Helpforsure

Microsoft Windows Experts

HowTo: Disable Internet Protocol version 6 (IPv6) components in Windows Vista & 2008, Windows 7 & 2008 R2 and Windows Small Business Server 2008 & 2011 April 27, 2011


This article describes step-by-step instructions for how to disable certain Microsoft Internet Protocol version 6 (IPv6) components in Windows Vista & 2008, Windows 7 & 2008 R2 and Windows Small Business Server 2008 & 2011. To disable IPv6 components, you must be logged on to the computer as a member of the Administrators group.

 To disable certain IPv6 components yourself, follow these steps:

Launch Registry Editor and modify DisabledComponents key located under:

HKEY_LOCAL_MACHINE\SYSTEM\CurrentControlSet\Services\Tcpip6\Parameters\

 Note: If it’s not available, you must create it.

Name: DisabledComponents

Type: DWORD (32-bit) Value

Type any one of the following values to configure the IPv6 protocol:

  • Type 0 to enable all IPv6 components(Note: The value “0” is the default setting.)
  • Type 0xffffffff to disable all IPv6 components, except the IPv6 loopback interface. This value also configures Windows Vista to use Internet Protocol version 4 (IPv4) instead of IPv6 in prefix policies.
  • Type 0x20 to use IPv4 instead of IPv6 in prefix policies.
  • Type 0x10 to disable native IPv6 interfaces.
  • Type 0x01 to disable all tunnel IPv6 interfaces.
  • Type 0x11 to disable all IPv6 interfaces except for the IPv6 loopback interface.

Note: Using a value other than 0x0 or 0x20 will cause the Routing and Remote Access service to fail after this change goes into effect.

You must restart your computer for these changes to take effect.

 

Certificate Concepts April 19, 2011


Certificate Concepts

19 April 2011  07:12

I would like to share some information with you about how digital certificates work. Understanding the concepts about how certificates work is important when troubleshooting PKI issues.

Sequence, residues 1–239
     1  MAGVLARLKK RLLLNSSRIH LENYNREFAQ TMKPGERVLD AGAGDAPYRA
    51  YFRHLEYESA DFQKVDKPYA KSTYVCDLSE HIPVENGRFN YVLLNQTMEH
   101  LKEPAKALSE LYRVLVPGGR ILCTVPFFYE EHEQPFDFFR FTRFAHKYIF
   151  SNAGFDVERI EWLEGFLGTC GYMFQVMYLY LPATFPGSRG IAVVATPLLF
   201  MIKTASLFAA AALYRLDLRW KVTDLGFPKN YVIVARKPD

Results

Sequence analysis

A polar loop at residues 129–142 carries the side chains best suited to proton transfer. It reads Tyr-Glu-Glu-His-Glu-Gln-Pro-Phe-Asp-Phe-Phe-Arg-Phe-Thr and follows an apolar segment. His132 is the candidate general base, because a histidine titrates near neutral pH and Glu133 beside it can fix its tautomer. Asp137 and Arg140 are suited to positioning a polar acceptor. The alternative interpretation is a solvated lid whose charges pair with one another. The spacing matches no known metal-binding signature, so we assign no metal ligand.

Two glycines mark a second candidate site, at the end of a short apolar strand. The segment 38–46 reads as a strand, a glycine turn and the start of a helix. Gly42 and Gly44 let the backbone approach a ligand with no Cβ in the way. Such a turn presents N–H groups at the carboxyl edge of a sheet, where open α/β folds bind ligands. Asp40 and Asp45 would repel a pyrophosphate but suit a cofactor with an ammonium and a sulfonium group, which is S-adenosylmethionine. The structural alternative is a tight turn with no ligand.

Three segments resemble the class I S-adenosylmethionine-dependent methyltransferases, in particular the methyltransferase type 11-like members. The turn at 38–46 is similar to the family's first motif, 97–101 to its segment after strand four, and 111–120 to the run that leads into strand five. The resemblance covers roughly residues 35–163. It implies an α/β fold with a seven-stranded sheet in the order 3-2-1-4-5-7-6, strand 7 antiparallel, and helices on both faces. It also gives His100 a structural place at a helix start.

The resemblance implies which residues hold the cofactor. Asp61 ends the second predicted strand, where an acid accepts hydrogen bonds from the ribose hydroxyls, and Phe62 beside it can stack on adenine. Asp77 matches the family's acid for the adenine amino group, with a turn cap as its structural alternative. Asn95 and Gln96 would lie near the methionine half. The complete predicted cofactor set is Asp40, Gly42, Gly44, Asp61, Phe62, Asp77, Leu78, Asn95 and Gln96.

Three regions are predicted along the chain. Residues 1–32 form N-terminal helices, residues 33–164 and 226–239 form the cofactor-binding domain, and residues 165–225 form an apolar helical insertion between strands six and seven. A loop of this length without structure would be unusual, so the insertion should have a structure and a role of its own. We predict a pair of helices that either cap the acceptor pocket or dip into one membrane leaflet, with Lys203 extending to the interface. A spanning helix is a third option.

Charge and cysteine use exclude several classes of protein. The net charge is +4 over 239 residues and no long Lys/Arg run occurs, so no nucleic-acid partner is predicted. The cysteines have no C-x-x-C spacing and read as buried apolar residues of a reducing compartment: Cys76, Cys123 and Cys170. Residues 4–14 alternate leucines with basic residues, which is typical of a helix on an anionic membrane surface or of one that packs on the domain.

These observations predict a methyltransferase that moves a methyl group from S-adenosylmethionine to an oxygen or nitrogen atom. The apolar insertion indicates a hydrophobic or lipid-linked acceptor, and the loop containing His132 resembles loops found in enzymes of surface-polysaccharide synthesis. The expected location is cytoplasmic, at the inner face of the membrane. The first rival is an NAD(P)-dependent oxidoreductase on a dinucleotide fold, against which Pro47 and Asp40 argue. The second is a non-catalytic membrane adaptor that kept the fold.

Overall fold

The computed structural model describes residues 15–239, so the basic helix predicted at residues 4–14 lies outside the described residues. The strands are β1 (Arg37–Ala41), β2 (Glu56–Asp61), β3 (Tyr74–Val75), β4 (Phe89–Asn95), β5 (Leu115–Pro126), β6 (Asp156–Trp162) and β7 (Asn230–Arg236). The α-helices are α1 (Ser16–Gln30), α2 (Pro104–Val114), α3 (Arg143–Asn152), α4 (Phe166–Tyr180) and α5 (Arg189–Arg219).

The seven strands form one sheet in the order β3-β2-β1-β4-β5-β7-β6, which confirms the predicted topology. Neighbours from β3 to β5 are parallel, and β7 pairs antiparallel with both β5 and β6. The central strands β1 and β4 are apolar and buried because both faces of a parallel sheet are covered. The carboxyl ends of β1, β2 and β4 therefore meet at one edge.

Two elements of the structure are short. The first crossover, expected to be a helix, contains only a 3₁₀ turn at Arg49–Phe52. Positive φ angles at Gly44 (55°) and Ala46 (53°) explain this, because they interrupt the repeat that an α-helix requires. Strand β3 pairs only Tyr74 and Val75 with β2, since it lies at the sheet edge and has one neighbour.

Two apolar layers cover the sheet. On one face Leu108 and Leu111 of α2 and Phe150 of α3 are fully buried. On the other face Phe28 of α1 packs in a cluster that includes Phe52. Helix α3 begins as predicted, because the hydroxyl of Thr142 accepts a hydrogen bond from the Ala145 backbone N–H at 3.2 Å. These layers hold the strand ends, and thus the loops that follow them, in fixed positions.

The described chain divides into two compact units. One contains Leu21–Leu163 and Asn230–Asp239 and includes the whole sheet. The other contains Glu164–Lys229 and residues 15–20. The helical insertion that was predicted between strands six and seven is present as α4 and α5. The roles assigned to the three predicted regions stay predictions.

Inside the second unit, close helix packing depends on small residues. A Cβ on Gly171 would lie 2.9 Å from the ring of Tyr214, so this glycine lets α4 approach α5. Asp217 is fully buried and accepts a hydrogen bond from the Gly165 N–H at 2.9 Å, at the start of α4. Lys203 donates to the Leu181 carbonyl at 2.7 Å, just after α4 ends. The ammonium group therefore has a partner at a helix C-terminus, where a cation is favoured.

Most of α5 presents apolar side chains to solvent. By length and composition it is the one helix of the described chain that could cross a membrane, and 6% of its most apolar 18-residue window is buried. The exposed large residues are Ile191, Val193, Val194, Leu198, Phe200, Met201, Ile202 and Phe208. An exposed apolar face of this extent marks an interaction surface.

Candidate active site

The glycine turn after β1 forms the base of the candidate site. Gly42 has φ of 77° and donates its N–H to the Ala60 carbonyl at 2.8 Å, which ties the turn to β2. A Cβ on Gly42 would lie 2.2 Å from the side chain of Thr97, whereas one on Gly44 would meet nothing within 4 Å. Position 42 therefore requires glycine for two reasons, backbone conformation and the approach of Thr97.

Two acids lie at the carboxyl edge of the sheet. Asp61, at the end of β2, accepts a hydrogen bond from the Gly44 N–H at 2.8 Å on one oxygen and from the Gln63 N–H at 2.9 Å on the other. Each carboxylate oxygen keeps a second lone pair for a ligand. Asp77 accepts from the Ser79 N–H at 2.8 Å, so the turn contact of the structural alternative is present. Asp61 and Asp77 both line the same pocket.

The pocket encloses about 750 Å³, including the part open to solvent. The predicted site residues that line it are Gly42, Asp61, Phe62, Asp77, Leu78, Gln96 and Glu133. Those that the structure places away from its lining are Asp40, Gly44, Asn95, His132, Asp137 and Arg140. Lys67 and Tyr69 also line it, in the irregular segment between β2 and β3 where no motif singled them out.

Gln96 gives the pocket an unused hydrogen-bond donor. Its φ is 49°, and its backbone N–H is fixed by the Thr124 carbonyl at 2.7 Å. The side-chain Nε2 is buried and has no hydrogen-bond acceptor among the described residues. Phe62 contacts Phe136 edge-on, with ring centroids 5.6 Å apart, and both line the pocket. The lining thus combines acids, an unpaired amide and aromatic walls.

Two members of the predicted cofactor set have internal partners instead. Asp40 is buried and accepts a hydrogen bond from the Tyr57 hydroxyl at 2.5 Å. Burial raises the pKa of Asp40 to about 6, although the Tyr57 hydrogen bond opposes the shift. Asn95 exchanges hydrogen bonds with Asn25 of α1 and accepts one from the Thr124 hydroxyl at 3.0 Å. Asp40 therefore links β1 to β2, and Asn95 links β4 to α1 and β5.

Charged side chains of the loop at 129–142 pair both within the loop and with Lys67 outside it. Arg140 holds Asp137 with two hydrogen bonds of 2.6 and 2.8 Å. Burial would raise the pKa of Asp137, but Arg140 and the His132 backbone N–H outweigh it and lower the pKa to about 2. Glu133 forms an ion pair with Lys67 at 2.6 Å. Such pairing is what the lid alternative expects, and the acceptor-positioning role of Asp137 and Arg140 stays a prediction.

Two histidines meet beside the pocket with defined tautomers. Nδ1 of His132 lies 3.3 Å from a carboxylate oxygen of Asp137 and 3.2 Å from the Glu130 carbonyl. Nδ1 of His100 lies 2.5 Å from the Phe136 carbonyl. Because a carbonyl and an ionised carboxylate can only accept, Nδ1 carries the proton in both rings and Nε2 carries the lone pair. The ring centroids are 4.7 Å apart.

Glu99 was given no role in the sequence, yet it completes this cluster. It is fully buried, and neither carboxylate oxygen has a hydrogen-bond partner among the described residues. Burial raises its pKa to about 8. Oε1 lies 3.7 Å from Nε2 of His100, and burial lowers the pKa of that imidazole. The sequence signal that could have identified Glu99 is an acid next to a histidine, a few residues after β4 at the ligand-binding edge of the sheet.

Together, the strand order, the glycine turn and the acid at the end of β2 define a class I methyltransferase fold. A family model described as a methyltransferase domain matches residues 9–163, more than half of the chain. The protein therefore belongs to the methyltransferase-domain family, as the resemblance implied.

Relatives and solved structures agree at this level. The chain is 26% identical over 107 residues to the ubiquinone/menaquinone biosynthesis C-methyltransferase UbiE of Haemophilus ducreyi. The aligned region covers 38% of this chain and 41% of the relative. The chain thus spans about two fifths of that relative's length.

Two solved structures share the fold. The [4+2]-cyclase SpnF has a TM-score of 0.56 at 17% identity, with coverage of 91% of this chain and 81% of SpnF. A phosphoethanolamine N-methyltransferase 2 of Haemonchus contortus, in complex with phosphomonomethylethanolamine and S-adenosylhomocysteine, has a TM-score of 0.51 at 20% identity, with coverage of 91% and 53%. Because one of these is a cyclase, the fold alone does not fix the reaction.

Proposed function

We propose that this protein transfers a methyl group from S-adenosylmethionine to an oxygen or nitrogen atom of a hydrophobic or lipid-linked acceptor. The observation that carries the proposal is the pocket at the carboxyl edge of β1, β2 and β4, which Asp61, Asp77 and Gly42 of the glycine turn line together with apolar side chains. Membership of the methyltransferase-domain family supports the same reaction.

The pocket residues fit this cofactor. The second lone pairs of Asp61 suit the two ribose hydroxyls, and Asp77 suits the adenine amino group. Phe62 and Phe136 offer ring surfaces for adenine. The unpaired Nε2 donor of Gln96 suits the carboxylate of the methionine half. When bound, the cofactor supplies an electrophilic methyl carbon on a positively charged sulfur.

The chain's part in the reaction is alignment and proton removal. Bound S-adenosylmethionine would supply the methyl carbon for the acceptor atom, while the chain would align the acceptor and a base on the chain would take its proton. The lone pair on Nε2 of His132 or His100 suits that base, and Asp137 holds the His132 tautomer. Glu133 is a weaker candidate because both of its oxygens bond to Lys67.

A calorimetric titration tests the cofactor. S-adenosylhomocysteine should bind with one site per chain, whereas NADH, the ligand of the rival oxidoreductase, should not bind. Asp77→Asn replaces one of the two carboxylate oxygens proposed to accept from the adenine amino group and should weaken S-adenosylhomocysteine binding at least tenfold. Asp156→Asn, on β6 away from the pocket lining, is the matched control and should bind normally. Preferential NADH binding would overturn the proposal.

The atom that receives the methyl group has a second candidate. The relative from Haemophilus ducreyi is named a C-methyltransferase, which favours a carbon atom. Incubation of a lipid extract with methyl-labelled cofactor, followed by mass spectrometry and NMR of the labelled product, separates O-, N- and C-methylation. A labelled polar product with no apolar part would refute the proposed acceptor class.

Let’s start by defining digital certificate: digital certificates are electronic credentials that are used to assert the online identities of individuals, computers and other entities on a network. The concept of digital certificates is much like the concept of a driver’s license. Like a drivers’ license, a certificate is issued by a central authority that has validated the identity of the person (or computer, application, services, etc.) requesting the certificate. Now that we have defined digital certificates let us move on to the details.

Certificate Architecture

Certificates issued by Windows Server 2003 and earlier are based on standards established by the Public-Key Infrastructure X.509 Working Group of the Internet Engineering Task Force. Version 1 of the standard defines a set of fields that should exist in every X.509 digital certificate. Version 2 added two more fields in order to support X.500 directory access control. Finally, version 3 introduced the concept of a Certificate Extension. Certificate extensions are simply fields that may be specified in standards or may be defined by a registered by a vendor, individual, or community. The Windows Certificate Server included in Windows 2000 and later supports X.509 Version 3 digital certificates.

The format of a v3 digital certificate is illustrated below.

X.509 Version 3 Certificate

 

      • Version: Identifies the version of the X.509 standard to which the certificate adheres. Certificates issued by a Windows CA certificate authority are always v3.
      • Certificate Serial Number: A unique identifier for each certificate issued by a particular Certificate Authority. This number must be unique amongst all certificates issued by that CA.
      • Issuer: The distinguished name of the CA that issued the certificate. This field identifies the authority responsible for verifying the identity of the Subject of the certificate.
      • Subject: The name of the computer, user, network device or service to which the certificate is issued.
      • Valid from: The date and time when the certificate becomes valid.
      • Valid to: The date and time when the certificate expires.
      • Public Key: Contains the public key of the key pair that is associated with the certificate.